Cherokeee Myth: Origin of Strawberries
Fourth graders read a Cherokee myth about the origin of strawberries. After reading the story, they add another chapter to it and read their additions to the class. Or, as a group activity, they each write a few sentences and then pass it on to the next student to add to it.
Independent Reading: Building The Power of Stamina
The Incredible Book-Eating Boy is read aloud to young readers, and the story is discussed. Then, the lesson goes into how to build up one's reading stamina. The class brainstorms ways that they can build up their stamina such as: staying in one reading spot, reading silently, sticking with a book until it's finished, etc. Pupils are given a Reading Stamina Tracking Worksheet, that's embedded in the plan, and they use it to track their reading stamina each time they attempt to read an entire book by themselves.
Writing Your Own Original Myth
After your class has examined several Greek myths, provide an opportunity for individuals to compose their own myths. The resource includes information about mythology and heroes as well as a mythology writing prompt and related graphic organizer designed for planning writing. Tip: When all of the myths are complete, create a class book!
Developing Reading Fluency: Criteria for Reading Aloud
Third graders develop their reading superpowers in a lesson on fluency. After first listening to an audio recording or teacher read aloud, the class works together identifying criteria for fluent reading, focusing on phrasing, rate, punctuation, and expression. Children then participate in a whole-class choral reading of a familiar text before pairing up for further practice with fluent reading. Though the lesson is part of a third grade unit and cites specific texts, it can easily be adapted to other ages and pieces of literature. An excellent resource for developing this fundamental skill in young readers.
Close Reading of Bullfrog at Magnolia Circle: Predators and Prey
Reading is fantastic, especially when it's reading about bullfrogs. Kids get cozy with predator/prey relationships as they hone their information-reading skills. They start out as they read a portion of the text aloud, then they think-pair-share, and finally they finish up be re-reading the selected passage and completing a worksheet. The one really nice thing about this lesson is that it provides considerations for students that may need additional support.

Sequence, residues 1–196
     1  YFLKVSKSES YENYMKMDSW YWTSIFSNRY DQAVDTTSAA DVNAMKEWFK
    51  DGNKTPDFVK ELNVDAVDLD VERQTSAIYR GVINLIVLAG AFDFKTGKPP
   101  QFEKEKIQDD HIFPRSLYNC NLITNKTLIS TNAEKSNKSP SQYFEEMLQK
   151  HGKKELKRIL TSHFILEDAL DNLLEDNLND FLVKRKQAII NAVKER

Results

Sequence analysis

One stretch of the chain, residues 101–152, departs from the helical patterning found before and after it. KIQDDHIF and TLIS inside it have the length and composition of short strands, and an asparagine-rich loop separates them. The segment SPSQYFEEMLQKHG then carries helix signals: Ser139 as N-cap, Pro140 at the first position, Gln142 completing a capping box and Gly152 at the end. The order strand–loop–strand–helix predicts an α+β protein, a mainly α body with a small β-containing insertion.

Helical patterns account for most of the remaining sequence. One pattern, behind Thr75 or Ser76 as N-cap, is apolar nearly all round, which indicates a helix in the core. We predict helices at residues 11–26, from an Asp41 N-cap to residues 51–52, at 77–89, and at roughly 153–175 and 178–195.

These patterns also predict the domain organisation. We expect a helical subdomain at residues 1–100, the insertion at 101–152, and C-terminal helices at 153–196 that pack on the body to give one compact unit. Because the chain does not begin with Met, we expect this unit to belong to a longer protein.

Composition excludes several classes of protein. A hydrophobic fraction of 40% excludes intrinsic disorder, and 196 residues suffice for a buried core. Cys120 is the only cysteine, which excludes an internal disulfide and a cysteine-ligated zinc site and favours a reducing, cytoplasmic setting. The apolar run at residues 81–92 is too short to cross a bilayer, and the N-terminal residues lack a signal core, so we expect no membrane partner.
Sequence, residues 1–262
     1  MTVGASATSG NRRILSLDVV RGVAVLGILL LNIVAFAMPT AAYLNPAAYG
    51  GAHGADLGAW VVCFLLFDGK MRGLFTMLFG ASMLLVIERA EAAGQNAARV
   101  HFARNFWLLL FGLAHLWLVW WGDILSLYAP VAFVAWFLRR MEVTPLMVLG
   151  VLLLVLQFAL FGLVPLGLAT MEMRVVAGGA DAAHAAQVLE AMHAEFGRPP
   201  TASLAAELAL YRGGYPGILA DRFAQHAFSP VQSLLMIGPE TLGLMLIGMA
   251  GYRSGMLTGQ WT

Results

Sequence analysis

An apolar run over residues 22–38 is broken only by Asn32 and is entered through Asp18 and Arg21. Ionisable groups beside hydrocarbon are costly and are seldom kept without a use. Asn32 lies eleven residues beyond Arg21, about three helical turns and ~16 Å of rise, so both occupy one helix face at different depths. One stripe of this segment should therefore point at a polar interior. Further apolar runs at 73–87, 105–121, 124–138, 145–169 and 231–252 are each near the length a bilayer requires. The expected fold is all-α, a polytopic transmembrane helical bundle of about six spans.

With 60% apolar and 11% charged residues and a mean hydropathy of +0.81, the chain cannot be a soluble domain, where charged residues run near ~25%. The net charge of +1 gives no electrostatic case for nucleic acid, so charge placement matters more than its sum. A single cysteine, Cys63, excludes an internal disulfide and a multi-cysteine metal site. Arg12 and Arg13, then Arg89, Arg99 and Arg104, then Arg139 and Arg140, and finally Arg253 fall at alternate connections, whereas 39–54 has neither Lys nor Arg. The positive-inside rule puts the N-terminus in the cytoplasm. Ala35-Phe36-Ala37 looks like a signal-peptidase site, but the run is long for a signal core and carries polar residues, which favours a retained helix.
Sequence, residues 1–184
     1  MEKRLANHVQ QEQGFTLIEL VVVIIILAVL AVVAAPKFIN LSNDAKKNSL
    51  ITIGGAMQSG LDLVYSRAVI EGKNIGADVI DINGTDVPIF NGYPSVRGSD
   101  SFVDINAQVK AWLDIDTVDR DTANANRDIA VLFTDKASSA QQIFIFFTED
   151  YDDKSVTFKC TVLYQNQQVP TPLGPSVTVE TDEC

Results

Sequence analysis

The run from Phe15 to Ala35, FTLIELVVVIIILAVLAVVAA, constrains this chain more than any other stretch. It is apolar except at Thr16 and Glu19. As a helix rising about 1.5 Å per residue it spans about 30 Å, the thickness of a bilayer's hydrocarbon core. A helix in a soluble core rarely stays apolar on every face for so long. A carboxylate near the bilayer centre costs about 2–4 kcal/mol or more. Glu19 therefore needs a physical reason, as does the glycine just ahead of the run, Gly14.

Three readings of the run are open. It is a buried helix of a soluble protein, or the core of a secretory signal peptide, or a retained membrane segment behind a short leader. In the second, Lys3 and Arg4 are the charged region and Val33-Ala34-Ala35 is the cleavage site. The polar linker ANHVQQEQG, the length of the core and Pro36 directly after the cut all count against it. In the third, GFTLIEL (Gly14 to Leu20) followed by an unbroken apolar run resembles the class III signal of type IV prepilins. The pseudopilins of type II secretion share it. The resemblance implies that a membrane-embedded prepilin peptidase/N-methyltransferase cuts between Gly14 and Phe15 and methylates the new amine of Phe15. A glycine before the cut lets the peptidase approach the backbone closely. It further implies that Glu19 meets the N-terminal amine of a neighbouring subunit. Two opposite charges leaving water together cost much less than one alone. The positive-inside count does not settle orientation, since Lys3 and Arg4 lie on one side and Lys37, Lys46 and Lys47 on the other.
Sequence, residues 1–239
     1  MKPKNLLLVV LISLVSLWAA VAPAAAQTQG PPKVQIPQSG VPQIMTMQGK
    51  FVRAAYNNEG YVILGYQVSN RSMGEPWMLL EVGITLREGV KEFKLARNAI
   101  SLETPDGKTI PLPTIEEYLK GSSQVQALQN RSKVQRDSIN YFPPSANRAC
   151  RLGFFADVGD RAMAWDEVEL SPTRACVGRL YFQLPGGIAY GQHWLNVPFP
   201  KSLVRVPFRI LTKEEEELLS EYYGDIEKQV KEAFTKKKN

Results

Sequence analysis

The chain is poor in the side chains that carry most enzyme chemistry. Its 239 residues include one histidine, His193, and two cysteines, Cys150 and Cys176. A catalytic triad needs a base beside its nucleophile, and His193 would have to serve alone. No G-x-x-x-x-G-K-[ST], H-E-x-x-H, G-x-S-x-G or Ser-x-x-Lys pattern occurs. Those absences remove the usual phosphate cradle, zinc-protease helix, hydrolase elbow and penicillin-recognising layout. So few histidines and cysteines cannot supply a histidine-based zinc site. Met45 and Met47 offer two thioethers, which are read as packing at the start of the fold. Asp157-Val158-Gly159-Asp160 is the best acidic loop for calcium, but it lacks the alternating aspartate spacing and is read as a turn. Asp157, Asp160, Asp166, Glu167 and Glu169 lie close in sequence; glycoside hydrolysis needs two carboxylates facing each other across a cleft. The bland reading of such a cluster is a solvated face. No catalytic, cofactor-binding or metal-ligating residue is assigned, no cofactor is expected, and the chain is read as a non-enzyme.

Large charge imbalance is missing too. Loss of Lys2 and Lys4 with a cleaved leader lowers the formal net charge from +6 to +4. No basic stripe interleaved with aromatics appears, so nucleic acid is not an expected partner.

Close Reading of Bullfrog at Magnolia Circle: Main Ideas about the Bullfrog
As your class reaches the end of the book Bullfrog at Magnolia Circle, the seventh lesson plan in this literary unit helps third graders transition from reading narrative to expository writing. Scholars develop their note-taking skills as they read through the last page in the book, identifying the main ideas and key details they encounter. Readers are also introduced to a glossary that contains key vocabulary found in the text. Through a series small group and whole-class discussions, students continue to learn how the adaptations of a bullfrog help it to survive. A great lesson plan for teaching students how to read and comprehend expository text.
Artistic Interpretation of a Classic: The Author's Role
Reading the original Hans Christian Andersen tale of “The Little Mermaid” and viewing the Great Performances: The Little Mermaid from the San Francisco Ballet video offers class members an opportunity to consider how artistic decisions made by an author impact influence interpretation. Interviews with John Neumeier, the choreographer for the ballet and Lera Auebach, the composer, give insight into their artistic vision and inspiration. The included discussion questions and learning activities help groups prepare their own adaptations of a well-known fairy tale.
Ninth graders present tales and myths in the oral tradition. They discuss the African method of telling a story where each member of the group tells a part of the story. They make up a composite hero and write a story that describes three adventures of this hero,
Myths, Folktales & Fairy Tales
Students relate the myth genre to history and culture. In this myths instructional activity, students compare culture in the past and present. Students answer critical thinking questions and discuss the unique characteristics of the myths. Students recognize characteristics of myths and present and original folktale.
Monster and Myths: Scripts
Students explore characteristics of the myth genre. In this myth lesson, students become familiar with various myths and the cultures they were derived from. Students compare in a graphic organizer. Students write original myths and dramatize them. Students share their work.
Hit or Myth
Students define myths and explain why mythic figures are used in movies. After reading an article, they discover the myth surrounding the lost city of Atlantis. They read and examine myths from ancient civilizations and identify similarities among characters, themes and plots. They create a children's book based on myths of different civilizations.